My mom and dad came to every possible game they could, right up until I stopped playing about 12 years ago.  They would do everything in their power to see their grandchildren play as well.

Call me conceited if you like, but I know baseball as good as anybody.  My body might not be able to play anymore, but my mind is sharper than ever when it comes to mastering this game.

I recognize that I have a tremendous opportunity to teach the game to my son and his teammates.  More importantly, I have an opportunity to be a role model.  I can show an interest in a child.  I can listen.  I can care.  I can love.

Like my dad.

Confidence & Concentration on the Mound

The pitcher’s mound is one of the loneliest spots in all of sports.  It’s very easy to get overwhelmed and anxious.  One of the biggest things a pitcher can do to combat these unwanted emotions is breathe.  Yes, just breathe.  Proper breathing helps you relax and concentrate.

Remember that it is harder to hit than it is to pitch.

Never step on the pitching rubber until you are completely ready and focused on the task at hand.  Imagine a place behind the mound where you can “take out the trash” before stepping up to get the sign.  You are in control.  The game cannot start until you throw the ball.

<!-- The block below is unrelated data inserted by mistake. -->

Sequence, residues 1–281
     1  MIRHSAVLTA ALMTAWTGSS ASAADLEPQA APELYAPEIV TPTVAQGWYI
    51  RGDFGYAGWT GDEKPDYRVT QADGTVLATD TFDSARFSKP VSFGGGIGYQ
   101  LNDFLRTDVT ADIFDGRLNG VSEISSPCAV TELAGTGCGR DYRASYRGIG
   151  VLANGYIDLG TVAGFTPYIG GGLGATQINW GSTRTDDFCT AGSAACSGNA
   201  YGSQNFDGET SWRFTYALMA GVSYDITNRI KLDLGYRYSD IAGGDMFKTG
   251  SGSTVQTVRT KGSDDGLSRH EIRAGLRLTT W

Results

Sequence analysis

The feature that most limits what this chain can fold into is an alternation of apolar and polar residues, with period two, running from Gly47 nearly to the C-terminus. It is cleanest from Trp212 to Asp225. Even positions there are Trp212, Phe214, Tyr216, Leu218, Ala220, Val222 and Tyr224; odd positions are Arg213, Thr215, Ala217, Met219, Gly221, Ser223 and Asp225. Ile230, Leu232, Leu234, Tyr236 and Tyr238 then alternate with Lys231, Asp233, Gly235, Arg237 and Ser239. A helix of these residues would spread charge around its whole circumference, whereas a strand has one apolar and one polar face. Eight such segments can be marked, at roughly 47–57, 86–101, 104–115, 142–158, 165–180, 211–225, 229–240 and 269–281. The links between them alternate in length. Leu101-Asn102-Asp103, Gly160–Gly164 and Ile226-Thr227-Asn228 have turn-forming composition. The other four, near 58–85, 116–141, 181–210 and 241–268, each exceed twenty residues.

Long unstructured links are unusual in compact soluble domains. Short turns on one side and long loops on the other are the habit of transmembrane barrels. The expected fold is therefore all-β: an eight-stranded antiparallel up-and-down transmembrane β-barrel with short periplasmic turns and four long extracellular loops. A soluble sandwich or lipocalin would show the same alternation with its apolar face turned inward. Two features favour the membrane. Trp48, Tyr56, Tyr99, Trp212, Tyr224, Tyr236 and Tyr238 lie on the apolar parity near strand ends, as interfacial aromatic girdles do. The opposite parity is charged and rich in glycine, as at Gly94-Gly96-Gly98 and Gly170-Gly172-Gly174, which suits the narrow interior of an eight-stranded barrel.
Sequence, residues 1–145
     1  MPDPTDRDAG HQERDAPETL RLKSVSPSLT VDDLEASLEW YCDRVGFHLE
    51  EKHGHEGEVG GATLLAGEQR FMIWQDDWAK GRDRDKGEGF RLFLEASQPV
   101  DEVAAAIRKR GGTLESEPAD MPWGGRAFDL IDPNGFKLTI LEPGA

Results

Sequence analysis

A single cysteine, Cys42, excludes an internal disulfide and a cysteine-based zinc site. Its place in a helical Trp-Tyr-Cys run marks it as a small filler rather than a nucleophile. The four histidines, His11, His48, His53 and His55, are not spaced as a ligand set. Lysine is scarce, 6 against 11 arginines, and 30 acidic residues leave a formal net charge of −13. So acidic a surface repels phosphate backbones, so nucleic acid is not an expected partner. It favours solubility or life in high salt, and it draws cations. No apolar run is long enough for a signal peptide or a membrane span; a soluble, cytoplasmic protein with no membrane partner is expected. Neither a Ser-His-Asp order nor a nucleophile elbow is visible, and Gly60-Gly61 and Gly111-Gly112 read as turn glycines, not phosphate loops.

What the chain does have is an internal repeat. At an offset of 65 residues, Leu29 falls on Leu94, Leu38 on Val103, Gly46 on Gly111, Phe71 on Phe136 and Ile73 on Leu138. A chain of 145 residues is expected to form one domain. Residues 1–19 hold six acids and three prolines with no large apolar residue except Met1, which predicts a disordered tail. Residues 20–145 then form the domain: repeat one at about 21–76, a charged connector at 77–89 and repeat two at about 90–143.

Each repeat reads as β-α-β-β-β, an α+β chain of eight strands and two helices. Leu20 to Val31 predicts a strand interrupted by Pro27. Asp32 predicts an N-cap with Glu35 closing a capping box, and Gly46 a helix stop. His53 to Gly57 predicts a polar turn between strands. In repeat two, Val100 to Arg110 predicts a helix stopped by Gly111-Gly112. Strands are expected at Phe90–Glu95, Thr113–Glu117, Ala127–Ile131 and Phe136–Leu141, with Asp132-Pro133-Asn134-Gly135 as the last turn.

Do not show emotion on the mound.  Demonstrate your mental toughness by keeping a level head during success and failure.

Focus on the task at hand – one pitch at a time.  You cannot go back and change the last pitch.  The only thing you can control is the pitch you are about to throw.  Focus on the target and purpose of that particular pitch.

Try to avoid crooked numbers.  You won’t get beat by giving up 1s and 0s.

Trust your catcher!

Swing Breakdown: Extend & Follow Through

One of the most common problems I see in young hitters is that they tend to hit to the baseball instead of through the baseball. Your swing does not stop when you make contact. You have built up so much energy and power. Why not use every last bit of it?

Be short to the ball and long through the ball. You have kept everything nice and compact to this point. You have made contact, now extend through the baseball. Your back elbow will begin to straighten out. Allow the speed of your bat to accelerate through the point of contact with the baseball.

Your head will stay in line with your rear shoulder. Your body rotates under your steady head. When you finish, someone in the opposite batter’s box should be able to see the back of your jersey.

Swing Breakdown: Contact

Good things happen when you hit the ball hard. The contact part of the swing is where you start to see results. All of the power you have generated up to this point is now released into the baseball.